According to the historical sources Amir Temur beloved Gardens. The historians and poets of that time dedicated their songs and poems to the beauty of the Timur's gardens and some of the gardens were depicted in manuscripts. " Timur's Parks were opened to ordinary citizens where they loved to spend time. Unfortunately, none of these palaces and gardens have survived to this day.
Taking into account the habit of people destroying everything, rebuilding, and cutting down the trees the death of the gardens was obvious.
Currently, the only thing which is known is the location of the gardens. The gardens were founded between the XIII-XIV centuries. According to the manuscripts 14 gardens were cultivated during that time. The biggest Garden was Bagi Djahonamo. The garden was founded at the foothills of the Zeravshan mountain range. Historian Sharaffudin Al Yazdi wrote that the Garden was huge and once the lost horse was found only after six months.
The most favorite garden of Amir Timur, BogiBaland, was founded not far from Samarkand. Tamerlane built a garden in honor of his granddaughter, Miranshah's daughter. Masters from Iran and Azerbaijan were invited to cultivate the most beautiful garden and to build palaces. In the center of the garden was a large Palace made of Tabriz white marble. The garden was full of vineyards, Fig trees, and Apple trees.
Nowadays, the village BogiBaland is panning to restore the garden, and the agricultural area of 40 hectares would be cultivated for Figs. The garden will include recreation areas, tents, and sitting places in traditional Uzbek style. The guests will be able to harvest the fig yield which occurs twice a year — in June and September.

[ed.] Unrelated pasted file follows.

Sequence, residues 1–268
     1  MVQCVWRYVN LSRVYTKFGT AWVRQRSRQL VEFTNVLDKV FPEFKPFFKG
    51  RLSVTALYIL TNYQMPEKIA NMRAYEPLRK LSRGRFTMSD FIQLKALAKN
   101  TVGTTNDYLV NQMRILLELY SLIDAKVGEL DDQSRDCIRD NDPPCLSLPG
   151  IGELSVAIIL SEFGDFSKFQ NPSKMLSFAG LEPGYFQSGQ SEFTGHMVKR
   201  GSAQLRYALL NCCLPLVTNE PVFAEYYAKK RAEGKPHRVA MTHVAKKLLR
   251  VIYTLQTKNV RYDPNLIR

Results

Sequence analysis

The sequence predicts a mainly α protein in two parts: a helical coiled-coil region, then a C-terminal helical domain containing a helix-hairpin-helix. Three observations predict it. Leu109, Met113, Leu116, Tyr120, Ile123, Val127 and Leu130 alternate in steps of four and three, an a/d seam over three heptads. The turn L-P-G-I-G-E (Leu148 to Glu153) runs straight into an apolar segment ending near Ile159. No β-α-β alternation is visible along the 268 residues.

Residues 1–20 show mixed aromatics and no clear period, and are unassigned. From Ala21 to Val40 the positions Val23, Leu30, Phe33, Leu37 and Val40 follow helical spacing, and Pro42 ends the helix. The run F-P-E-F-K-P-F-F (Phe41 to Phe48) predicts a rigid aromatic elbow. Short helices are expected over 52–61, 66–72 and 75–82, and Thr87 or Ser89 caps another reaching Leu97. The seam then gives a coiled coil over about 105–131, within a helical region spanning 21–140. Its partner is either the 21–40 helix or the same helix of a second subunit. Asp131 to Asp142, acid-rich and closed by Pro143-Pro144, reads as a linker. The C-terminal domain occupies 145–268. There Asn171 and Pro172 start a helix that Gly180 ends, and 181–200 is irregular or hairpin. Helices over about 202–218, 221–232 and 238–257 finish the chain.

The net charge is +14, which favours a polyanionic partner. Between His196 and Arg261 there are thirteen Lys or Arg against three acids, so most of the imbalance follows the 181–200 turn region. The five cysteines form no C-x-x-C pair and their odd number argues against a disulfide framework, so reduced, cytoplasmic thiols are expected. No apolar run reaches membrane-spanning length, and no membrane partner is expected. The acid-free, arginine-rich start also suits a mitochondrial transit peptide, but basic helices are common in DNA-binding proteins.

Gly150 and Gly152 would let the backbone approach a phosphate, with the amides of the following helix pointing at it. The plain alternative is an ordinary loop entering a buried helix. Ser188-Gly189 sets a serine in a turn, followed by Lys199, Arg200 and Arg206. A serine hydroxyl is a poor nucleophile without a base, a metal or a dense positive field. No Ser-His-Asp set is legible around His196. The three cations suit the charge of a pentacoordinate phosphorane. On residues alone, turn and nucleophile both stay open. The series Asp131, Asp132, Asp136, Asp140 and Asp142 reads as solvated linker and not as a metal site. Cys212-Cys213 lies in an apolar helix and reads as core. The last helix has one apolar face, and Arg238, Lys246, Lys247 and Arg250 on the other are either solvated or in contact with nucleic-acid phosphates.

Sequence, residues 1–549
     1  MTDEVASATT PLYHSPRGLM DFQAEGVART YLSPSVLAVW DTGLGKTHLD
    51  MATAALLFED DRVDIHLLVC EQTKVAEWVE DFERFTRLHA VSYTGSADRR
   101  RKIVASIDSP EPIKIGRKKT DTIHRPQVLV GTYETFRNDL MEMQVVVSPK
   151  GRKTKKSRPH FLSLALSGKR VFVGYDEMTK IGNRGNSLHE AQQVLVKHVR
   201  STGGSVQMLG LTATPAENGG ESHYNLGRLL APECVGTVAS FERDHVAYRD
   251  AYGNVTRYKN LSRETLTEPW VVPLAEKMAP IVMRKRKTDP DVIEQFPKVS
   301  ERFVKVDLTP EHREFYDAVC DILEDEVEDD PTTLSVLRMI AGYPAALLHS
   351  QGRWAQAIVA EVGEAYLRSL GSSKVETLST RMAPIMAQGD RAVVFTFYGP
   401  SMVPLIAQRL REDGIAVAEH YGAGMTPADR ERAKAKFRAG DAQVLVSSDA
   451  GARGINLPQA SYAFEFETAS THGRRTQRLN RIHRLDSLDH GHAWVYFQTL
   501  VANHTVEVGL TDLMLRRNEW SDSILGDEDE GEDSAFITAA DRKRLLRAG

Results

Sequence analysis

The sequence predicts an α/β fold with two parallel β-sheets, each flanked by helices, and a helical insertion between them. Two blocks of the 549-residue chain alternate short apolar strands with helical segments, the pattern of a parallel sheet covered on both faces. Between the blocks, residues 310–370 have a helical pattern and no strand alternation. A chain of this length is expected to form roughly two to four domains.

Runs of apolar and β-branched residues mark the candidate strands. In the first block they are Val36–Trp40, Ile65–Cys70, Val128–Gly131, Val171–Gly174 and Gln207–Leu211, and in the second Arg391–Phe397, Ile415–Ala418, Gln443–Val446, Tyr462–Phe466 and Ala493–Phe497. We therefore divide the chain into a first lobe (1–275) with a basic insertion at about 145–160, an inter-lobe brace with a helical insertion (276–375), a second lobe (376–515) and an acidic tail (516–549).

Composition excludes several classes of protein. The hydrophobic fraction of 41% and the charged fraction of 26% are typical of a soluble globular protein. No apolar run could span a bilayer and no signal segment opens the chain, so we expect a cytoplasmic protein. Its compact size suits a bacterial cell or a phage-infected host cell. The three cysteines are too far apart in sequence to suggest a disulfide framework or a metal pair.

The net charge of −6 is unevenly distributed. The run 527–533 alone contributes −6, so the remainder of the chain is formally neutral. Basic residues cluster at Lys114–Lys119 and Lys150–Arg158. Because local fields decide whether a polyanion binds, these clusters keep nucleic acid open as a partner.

Leaving in East Jerusalem I found out a very interesting fact about figs. Apples, pears, cherries, and peaches all have gorgeous blooms that we grow not only for their fruit but their flowers. But have you ever seen flowers on a fig tree?
How is it possible that a tree with no flowers brings fruits?
Commonly referred to as a fruit, figs are actually an enlarged, fleshy, hollow stem lined with hundreds of tiny flowers. The flowers themselves are not visible from the outside as they bloom inside the false fruit. The small hole visible on the bottom of the “fruit” is a narrow passageway that allows a specialized fig wasp to enter the “fruit” and pollinate the flowers. Each tiny flower produces one seed, which gives the fig that familiar crunch.
Fig trees are gynodioecious. Some plants in the fig species only have female flowers while others have male and female flowers. The farmers help fig trees by scattering "dust" from the male on to the female.